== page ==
Couldn’t Kagan and the confirmation team at the White House have come up with something that would convey a more concrete idea of judicial impartiality? John Roberts’s comparison of judging to baseball umpiring may have been a superficial analogy in any number of respects, but it embodied an immediately intelligible idea of impartiality that cast conservative judging in a favorable light. The best evidence of its rhetorical effectiveness is that it became a touchstone for evaluating subsequent Supreme Court nominees. That’s the kind of statement you’d expect from a judge who’ll be drafting influential opinions.“[T]he Supreme Court is a wondrous institution. But the time I spent in the other branches of government remind me that it must also be a modest one – properly deferential to the decisions of the American people and their elected representatives. What I most took away from those experiences was simple admiration for the democratic process. That process is often messy and frustrating, but the people of this country have great wisdom, and their representatives work hard to protect their interests. The Supreme Court, of course, has the responsibility of ensuring that our government never oversteps its proper bounds or violates the rights of individuals. But the Court must also recognize the limits on itself and respect the choices made by the American people.”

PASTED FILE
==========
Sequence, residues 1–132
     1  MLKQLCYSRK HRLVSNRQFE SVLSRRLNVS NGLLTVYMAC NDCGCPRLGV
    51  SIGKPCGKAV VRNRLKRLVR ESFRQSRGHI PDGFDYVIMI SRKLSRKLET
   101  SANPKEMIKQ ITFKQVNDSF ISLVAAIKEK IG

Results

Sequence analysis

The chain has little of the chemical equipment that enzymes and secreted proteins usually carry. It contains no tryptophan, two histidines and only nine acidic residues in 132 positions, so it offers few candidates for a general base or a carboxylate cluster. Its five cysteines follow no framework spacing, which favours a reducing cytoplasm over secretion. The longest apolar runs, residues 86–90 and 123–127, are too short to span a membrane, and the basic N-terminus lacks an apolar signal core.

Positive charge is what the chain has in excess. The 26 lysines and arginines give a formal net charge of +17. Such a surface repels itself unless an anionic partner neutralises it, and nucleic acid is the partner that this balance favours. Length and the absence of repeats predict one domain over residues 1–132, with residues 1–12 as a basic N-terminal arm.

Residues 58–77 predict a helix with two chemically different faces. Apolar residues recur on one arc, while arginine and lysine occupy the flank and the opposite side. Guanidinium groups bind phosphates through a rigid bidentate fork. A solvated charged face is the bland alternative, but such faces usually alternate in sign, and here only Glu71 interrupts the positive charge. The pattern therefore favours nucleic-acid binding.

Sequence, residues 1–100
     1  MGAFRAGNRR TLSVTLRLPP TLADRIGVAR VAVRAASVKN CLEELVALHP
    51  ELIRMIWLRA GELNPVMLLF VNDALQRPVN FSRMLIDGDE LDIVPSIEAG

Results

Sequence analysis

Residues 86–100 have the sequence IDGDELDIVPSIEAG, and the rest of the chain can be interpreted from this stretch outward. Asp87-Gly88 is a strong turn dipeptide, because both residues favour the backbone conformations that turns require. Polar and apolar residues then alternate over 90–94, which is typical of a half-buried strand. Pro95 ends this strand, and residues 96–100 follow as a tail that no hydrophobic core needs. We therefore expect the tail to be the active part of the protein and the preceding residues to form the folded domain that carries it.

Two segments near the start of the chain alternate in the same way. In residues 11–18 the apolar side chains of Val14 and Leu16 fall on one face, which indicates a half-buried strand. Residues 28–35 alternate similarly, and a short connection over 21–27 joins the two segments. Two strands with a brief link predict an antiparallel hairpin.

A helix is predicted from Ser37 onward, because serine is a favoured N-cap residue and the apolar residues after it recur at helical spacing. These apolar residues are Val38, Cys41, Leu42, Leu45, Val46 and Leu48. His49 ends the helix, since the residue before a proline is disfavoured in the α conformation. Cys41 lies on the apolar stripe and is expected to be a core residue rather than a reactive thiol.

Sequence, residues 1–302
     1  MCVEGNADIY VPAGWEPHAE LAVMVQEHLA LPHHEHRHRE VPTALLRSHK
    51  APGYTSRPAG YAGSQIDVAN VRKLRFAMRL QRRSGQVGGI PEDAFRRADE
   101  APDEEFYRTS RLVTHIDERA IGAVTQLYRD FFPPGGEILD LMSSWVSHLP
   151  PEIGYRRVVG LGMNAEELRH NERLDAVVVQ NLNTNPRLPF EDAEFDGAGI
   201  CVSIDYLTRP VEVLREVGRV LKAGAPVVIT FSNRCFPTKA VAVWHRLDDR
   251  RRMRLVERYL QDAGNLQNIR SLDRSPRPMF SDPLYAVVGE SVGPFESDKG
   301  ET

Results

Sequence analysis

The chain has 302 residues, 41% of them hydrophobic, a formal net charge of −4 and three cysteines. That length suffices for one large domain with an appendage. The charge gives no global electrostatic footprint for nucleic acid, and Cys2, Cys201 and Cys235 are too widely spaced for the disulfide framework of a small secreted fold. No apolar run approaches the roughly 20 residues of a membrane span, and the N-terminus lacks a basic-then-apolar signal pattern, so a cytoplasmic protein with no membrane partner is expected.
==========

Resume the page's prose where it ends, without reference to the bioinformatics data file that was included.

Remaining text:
Kagan’s tin-eared formulation doesn’t inspire that expectation. I hope the questioning will reveal that she was pulling her punches.